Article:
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Editor's note: In this piece, Ibraheem Waziri, writes about the controversies surrounding the calls for the dismissal of the minister of communication and digital economy, Isa Pantami.
For a starter, a large part of the territories of now Northern Nigeria, seized by the colonialists in 1903 and later merged with other territories southward to form the Nigerian state in 1914, were before, under the administrative control of the then Sokoto Caliphate; a state founded by Islamic Scholars, clerics and led by their agents, the Emirs!
This is why till today Islamic scholars and clerics have remained very formidable groups that define what civil advocacy means in the region as much as they anchor all shades of the discourses about meaningful development among the Muslims.
Shaykh Isa Ali Pantami, a serving cabinet minister of the federal government, who also can be seen to be, symbolically, a representative of the northern Muslim scholarly and clerical establishment, was alleged to be having links with an officially designated terrorist group, BakoHaram, and is therefore on a terrorist watch-list of the world-leading country fighting terrorism, the USA.
Though the newspaper, Daily Independent, which first published the story, 11/04/2021, had long withdrawn it and tendered an apology to the public and the Minister Pantami; the matter continued to trend, with great effort being put to exhume his old lectures that seemed supportive of international terrorism, dating back 20 to 25 years back.
That was to say, at another period when the largely peaceful dialogue between the Northern Nigerian Muslim clerical establishment and the Nigerian nation was not near achieving reasonable compromise; and the country was held under the grip of military dictatorship or was early into the current fourth republic.
Also then the conflicts in the other Muslim nations between every force that would claim Islam for its cause was finding sympathy among the Northern Nigerian Muslims uncritically.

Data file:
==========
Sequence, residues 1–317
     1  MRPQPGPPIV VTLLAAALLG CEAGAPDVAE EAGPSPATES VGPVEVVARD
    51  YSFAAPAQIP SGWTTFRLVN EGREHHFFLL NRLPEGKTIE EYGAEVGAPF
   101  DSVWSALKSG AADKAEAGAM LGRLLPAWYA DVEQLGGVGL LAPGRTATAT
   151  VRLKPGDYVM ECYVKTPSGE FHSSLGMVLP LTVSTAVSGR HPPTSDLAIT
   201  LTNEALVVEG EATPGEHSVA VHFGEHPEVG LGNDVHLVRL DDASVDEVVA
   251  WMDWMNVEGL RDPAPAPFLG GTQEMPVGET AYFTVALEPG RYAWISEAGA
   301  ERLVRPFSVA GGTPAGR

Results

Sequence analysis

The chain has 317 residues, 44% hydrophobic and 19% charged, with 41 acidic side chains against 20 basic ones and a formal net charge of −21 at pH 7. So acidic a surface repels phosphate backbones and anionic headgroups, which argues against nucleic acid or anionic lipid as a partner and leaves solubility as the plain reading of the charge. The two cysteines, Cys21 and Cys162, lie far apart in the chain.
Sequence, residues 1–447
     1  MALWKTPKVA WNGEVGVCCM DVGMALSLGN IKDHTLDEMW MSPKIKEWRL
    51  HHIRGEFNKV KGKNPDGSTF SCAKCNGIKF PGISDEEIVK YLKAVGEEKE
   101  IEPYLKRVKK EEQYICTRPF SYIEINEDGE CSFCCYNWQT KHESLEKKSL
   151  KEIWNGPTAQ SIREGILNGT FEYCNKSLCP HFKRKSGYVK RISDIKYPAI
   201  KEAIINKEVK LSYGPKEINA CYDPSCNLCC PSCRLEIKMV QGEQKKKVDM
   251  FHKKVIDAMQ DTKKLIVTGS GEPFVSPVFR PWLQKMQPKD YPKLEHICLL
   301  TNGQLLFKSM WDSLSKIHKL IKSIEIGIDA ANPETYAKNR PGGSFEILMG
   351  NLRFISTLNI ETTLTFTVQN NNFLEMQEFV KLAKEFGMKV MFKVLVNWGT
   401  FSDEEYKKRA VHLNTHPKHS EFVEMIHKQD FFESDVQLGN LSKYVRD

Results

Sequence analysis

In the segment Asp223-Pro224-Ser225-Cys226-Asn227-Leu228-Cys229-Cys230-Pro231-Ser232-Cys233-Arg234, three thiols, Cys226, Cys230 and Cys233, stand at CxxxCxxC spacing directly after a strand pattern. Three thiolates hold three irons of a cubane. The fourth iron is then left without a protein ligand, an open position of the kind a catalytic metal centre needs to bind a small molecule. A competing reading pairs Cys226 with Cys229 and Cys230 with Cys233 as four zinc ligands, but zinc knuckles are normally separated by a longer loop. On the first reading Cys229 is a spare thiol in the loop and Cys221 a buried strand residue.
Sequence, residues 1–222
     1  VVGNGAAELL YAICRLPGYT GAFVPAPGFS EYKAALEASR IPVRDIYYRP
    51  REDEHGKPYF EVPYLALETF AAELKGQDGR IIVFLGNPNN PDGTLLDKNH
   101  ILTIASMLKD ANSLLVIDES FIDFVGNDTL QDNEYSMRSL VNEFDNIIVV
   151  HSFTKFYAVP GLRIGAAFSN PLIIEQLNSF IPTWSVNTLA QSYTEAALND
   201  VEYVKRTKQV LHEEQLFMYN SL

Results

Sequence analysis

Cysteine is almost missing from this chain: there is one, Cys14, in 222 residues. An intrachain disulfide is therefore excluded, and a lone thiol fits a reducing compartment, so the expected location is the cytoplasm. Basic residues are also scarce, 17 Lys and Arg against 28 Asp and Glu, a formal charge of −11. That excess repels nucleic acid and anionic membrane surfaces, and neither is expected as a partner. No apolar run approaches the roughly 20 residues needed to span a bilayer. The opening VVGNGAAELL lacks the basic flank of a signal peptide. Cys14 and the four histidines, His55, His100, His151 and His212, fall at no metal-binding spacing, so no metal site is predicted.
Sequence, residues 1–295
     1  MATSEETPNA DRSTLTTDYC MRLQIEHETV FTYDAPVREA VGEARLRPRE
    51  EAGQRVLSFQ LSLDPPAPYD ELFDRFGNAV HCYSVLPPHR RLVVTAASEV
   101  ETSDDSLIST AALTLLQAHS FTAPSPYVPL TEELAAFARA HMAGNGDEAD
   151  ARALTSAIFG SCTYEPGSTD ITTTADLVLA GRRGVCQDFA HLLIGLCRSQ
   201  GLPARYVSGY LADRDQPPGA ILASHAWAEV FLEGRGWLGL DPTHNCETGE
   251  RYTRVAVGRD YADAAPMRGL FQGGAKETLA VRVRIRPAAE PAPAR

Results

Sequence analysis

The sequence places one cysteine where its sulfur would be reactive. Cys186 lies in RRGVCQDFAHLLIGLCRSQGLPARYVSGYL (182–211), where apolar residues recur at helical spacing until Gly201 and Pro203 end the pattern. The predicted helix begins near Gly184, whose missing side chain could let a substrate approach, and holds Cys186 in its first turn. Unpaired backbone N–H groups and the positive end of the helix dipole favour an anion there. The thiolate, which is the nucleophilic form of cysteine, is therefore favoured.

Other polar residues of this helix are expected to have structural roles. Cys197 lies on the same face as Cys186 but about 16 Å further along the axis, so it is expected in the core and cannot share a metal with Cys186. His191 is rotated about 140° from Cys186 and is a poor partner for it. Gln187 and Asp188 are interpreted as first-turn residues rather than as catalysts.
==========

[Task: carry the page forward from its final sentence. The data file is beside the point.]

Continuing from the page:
Things have moved to a height by the year 2009 when a fringe Muslim group (Boko Haram) in the region moved the frontiers of this dialogue into the battlefield. That has proved to be an eye-opener to the mainstream scholars and clerics, belonging to various sectarian persuasions, about what the possible alternative their numerous fiery preaching could open for Nigeria. They then substantially mellowed!
By 2015, Nigeria had a popular and fiery northern Muslim preacher, in the name of Shaykh Isa Ali Ibrahim Pantami for the first time in its history, accepting to serve the federal government in a very relevant National Information Technology Development Agency (NITDA) as its steering director. He later became a federal cabinet member as a Minister of Information and Digital Economy.
This signalled that a reasonable milestone in the continuous dialogue between the northern Nigerian clerical establishment and the Nigerian nation has been recorded; and among other things, the establishment has symbolically reached a more malleable compromise with the idea of Nigeria as a nation with its quasi secular character.
The current imbroglio started by the Daily Independent newspaper, and the subsequent revelations, which are not without valid reasons, exposed Shaykh Pantami as a potential threat to the survival of the Nigerian nation. It led him to publicly retract the said toxic opinions he once voiced out decades ago.
This, good as it is, still leaves the Nigerian nation to choose between one of the two options. If the nation puts him away it will throw out the great potential seen in closing the remaining gap between it and the northern Nigerian clerical establishment, a guarantee for a more promising probable national survival and prosperity.
If it chooses to retain him, it will continue to court the rage of non-Muslims and other nationalists who genuinely feel Nigeria doesn't need its reformed detractors in place of authority for it to survive and thrive.
However, the chief concern of this piece is the opinion that is not so prominent in the current controversy but has long been in the public space and largely shared by and among Northern Nigerian Muslim intellectuals, publicly or in private.
That Pantami has long made a compromise not with the idea of Nigerian nation alone but with its dirty game of power and politics. He had since abandoned his constituency of Islamic scholarship and clericalism that is known with the principle of telling truth to power since before and after the 19th-century Jihad.